A Dictionary of Music and Musicians/Rummel

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RUMMEL. A German musical family, (1) Christian Franz Ludwig Friedrich Alexander was born at Brichsenstadt, Bavaria, Nov. 27, 1787. He was educated at Mannheim, and seems to have had instruction from the Abbé Vogler. In 1806 he took the post of bandmaster to the 2nd Nassau infantry, made the Peninsular Campaign, married in Spain, was taken prisoner, released, and served with his regiment at Waterloo. He was then employed by the Duke of Nassau to form and lead his court orchestra, which he did with great credit to himself till 1841, when it was dissolved. Christian Rummel died at Wiesbaden Feb. 13, 1849. He was not only an able conductor and a composer of much ability and industry, but a fine clarinetist and a good pianoforte-player. His works are numerous, and embrace pieces for military band, concertos, quintets and other pieces for clarinet, many pianoforte compositions, especially a sonata for 4 hands (op. 20) waltzes, variations, etc. and a Method for the PF. (2) His daughter Josephine was born at Manzanares in Spain during the Peninsular War, May 12, 1812. She was pianist at the Court at Wiesbaden, and died Dec. 19, 1877. (3) His son Joseph, born Oct. 6, 1818, was educated by his father in music generally, and in the clarinet and PF. in particular, on both of which he was a good player. He was for many years Kapellmeister to the Prince of Oldenburg, then residing at Wiesbaden—a post in which he was succeeded by Adolphe Henselt. Up to 1842 he lived in Paris, and then removed to London for five years. In 1847 he returned to Paris, and remained there till driven back to London by the war in 1870; and in London he resided till his death, March 25, 1880. Joseph Rummel wrote no original music, but he was one of the most prolific arrangers of operas and operatic selections for the PF. that ever existed. For nearly 40 years he worked incessantly for the houses of Schott and Escudier, publishing about 400 pieces with each house under his own name, besides a much larger number under noms de plume. His arrangements and transcriptions amount in all to fully 2000. He wrote also a series of exercises for Augener & Co., and for Escudier. (4) Joseph's sister Franziska, born at Wiesbaden, Feb. 4, 1821, was educated by her father until she went to Paris to study singing under Bordogni, and afterwards to Lamperti at Milan. She became principal singer at the Court of Wiesbaden, and at length married Peter Schott, the well-known music publisher at Brussels, who died in 1873. (5) Another son, August, became a merchant in London, where he still lives, and where (6) his son Franz was born, Jan. 11, 1853.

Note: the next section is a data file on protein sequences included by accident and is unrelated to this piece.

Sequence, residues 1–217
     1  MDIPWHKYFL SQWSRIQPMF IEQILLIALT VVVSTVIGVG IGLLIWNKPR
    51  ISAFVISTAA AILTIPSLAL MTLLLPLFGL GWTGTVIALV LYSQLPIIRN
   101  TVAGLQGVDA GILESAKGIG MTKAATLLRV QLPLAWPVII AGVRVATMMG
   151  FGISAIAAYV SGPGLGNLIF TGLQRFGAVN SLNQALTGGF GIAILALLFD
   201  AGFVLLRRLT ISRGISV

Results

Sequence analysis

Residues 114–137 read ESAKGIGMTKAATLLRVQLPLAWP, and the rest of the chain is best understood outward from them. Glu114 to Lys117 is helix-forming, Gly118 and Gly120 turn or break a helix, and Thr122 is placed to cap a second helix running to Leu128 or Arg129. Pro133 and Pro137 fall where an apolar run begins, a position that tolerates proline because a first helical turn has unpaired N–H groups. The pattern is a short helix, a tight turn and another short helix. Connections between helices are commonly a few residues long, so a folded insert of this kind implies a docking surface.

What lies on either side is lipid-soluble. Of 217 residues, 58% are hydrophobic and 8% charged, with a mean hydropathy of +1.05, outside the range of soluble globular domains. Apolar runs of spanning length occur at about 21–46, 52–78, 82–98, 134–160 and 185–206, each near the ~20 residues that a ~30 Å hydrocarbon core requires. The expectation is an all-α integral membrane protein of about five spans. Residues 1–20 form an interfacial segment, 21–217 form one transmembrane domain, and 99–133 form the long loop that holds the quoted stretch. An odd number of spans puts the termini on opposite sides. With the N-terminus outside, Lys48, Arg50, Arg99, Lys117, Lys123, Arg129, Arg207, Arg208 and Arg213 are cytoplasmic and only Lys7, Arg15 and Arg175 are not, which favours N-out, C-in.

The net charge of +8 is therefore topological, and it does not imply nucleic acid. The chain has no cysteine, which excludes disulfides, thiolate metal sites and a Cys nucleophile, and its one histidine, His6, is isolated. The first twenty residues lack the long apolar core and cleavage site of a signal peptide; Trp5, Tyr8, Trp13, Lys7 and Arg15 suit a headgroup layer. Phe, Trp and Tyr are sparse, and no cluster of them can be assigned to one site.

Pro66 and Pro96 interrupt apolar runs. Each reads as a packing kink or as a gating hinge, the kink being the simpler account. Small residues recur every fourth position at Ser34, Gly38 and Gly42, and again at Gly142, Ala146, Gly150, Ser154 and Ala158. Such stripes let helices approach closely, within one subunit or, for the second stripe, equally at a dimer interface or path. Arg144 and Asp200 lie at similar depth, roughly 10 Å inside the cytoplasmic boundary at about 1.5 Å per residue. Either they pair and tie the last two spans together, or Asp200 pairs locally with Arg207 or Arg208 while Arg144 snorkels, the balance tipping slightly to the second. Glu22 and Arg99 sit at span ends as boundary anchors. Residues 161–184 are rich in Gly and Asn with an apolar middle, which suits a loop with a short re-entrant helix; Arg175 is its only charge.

Franz Rummel at the age of 14 went to Brussels to study the PF. under Brassin, first as a private pupil and afterwards in the Conservatoire. He took the first prize for PF.-playing there in 1872, and afterwards became one of the staff of teachers. He made his first public appearance at Antwerp Dec. 22, 1872, in Henselt's PF. Concerto; in July 1873 played the Schumann Concerto at the Albert Hall Concerts, London; and again at Brussels, before the King and Queen of the Belgians, with great distinction. He remained at the Conservatoire as professor till 1876, when on the advice of Rubinstein he threw up his pest and began to travel, playing in the Rhine Provinces, Holland, and France. Early in 1877 he came to London, and played at the Crystal Palace on April 7. Next year he went to America, where he met with great success, though interrupted by a serious accident. He returned in 1881, and played again at the Crystal Palace on April 30. His répertoire is large, embracing the works of Tschaïkowsky, Raff, Rubinstein, Liszt, as well as those of the more established classical masters.

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